Ivy's Colon Cleanse

1/2 cup unfiltered apple juice (organic, or freshly juiced organic apples)
1/2 cup purified water
2 Tablespoons liquid chlorophyll*
2 Tablespoons aloe vera juice* (best is whole leaf*)
1 heaping teaspoon psyllium hulls*
2 teaspoons hydrated bentonite clay* (optional, not in original recipe)

My recipe says to blend the above ingredients in a blender. I have stirred them together in a glass without trouble. After they are mixed, drink immediately (or you will have an extra thick gel). Drink another glass of water immediately after, with 2 cascara sagrada capsules*. Take first thing in the morning. My recipe then says to continue for at least two months (first thing each morning), then use as desired. Drink plenty of water during the day.

* - these ingredients are available from Nature's Sunshine Products. Please check out their website, if you don't know how/where to buy their products. They are a reputable company and have been in business since 1972.

As an added tip, I have found that adding digestive enzymes when I'm eating meals helps greatly with digestion. Taking probiotics are also very helpful to restore your gut's heath (and very good to use when/if you've ever taken antibiotics). Nature's Sunshine also has these items.

Please note my disclaimer: I am NOT a doctor. This page is for education only, and is NOT intended to be medical advice. Always talk with your health practitioner before taking any herbs or supplements.

Sunday, March 3, 2013

How we do raw...

A little over a year ago, Shannon, had emailed this question to me. Following is her question and my reply that I sent her at the time. It still conveys how I feel about raw foods today. Thanks, Shannon, for the question.
"Hi, Loretta, I'm curious re: raw food. I understand the raw fruits and vegetables but how do you have a complete meal with raw food and be full? Do you include whole wheat bread as well? What kinds of meals would you have w/ raw food?"

I know when I first heard about raw food, that's exactly what I thought. I took me awhile to get up the courage to try anything raw that I normally would cook. So I started with things I already made and just made sure they were "more" raw. For example, my green smoothies in the morning. I would make sure I was only using fresh or frozen (uncooked) fruits, no cooked non-dairy milks (I actually make them with water now), and fresh greens. So smoothies are really easy.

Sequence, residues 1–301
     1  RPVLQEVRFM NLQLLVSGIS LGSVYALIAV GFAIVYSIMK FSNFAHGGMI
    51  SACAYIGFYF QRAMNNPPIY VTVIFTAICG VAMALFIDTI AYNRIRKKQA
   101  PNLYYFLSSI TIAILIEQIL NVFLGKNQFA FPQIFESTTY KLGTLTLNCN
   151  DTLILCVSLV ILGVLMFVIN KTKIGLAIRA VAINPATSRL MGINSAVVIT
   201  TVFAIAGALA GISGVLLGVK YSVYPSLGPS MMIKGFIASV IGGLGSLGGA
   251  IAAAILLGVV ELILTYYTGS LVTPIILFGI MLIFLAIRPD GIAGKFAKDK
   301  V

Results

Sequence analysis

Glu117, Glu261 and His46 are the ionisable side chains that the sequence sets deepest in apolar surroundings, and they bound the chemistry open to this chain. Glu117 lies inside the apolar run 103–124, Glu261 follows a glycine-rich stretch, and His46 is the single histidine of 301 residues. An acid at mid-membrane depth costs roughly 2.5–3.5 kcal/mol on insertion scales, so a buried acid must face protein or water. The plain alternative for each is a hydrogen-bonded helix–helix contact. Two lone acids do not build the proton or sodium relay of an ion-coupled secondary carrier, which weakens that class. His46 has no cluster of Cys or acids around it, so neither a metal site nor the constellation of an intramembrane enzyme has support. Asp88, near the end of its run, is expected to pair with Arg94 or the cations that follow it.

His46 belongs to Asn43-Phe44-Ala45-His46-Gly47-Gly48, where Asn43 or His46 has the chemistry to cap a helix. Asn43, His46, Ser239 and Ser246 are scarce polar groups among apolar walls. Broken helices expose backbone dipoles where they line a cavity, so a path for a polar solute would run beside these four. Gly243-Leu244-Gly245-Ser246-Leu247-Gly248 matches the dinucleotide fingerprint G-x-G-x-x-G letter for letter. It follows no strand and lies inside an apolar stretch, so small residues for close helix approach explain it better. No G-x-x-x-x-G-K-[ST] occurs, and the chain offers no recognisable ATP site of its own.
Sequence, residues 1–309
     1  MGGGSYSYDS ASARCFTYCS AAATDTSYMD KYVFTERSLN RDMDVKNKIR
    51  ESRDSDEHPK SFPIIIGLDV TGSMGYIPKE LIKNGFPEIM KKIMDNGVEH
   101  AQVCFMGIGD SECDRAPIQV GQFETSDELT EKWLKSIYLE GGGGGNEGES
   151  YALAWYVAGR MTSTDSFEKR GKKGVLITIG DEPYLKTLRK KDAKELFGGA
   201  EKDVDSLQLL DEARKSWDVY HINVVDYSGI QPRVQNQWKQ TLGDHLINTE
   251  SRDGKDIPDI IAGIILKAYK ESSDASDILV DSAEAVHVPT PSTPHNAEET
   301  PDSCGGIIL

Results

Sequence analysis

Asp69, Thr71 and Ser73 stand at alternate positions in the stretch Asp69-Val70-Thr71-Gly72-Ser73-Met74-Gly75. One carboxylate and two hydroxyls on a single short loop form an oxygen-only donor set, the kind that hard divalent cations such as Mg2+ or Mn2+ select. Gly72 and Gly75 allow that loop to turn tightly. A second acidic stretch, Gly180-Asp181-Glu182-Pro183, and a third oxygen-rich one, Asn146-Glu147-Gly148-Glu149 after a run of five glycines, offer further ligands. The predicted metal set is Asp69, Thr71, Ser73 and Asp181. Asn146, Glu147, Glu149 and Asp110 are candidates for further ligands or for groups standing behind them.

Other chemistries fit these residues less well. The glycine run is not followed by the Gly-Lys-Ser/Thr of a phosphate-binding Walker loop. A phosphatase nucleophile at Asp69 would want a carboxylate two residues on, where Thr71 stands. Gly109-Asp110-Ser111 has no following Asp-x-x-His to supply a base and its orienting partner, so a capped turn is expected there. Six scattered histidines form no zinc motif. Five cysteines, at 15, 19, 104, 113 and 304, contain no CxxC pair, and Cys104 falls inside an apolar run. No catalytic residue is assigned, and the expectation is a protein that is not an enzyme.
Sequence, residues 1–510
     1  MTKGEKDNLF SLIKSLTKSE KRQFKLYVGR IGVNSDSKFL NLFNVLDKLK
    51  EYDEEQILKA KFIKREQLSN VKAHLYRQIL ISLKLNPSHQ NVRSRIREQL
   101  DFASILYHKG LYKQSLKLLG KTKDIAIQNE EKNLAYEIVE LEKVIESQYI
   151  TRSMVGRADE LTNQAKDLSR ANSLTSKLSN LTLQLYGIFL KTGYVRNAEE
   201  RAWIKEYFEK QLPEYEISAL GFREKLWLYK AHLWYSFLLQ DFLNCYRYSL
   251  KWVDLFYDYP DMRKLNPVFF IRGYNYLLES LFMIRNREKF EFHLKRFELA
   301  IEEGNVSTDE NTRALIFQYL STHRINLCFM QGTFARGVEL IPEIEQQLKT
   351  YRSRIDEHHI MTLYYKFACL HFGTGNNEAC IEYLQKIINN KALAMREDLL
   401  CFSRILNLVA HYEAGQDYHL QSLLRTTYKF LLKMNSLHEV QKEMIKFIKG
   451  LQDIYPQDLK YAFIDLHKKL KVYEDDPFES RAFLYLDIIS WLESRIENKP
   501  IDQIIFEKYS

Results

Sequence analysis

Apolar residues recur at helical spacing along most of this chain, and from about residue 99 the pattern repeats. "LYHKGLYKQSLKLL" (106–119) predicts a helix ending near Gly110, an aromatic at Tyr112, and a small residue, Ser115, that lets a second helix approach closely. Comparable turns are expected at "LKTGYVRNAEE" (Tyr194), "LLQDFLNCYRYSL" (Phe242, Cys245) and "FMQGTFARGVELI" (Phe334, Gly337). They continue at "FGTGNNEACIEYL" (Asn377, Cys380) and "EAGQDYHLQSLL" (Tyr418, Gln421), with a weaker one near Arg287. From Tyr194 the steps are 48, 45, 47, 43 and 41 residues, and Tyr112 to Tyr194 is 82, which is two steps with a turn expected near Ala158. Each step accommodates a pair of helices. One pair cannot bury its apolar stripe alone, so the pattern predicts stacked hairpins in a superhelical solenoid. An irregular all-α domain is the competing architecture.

Then I tried some raw soups. An easy one was gazpacho. It's already supposed to be cold and I love salsa, so I figured I couldn't go wrong there. Then I tried another cold soup. In my vitamix, I can "heat' soups, still under temp to keep the live enzymes. Anyway, it worked! I enjoy other raw foods that I never thought I would like.

Yes, you can get full on raw foods. Besides raw fruits and vegetables, some things people use: cold pressed oils (olive oil, etc.), herbs and spices (non-irradiated only) and there's also raw nuts and seeds and the nut butters made from them (think walnuts, pecans, sunflower seeds, etc.). Then besides this, raw foods also includes "breads and crackers" made from ground flax seeds, vegetables and other seasonings and sometimes sweeteners. A food dehydrator helps this to be possible. Many people, trying to do more raw, may find a food dehydrator to be a wise investment eventually.

There is no lack of good fats when doing more raw, to help with satiety. Besides the usual cold pressed oils (I use olive oil and coconut oil), there are nuts/seeds and also avocados. These are what we use to help make dairy substitutions as well. Cashews or sunflower seeds become nice and creamy in a blender with other ingredients for sauces.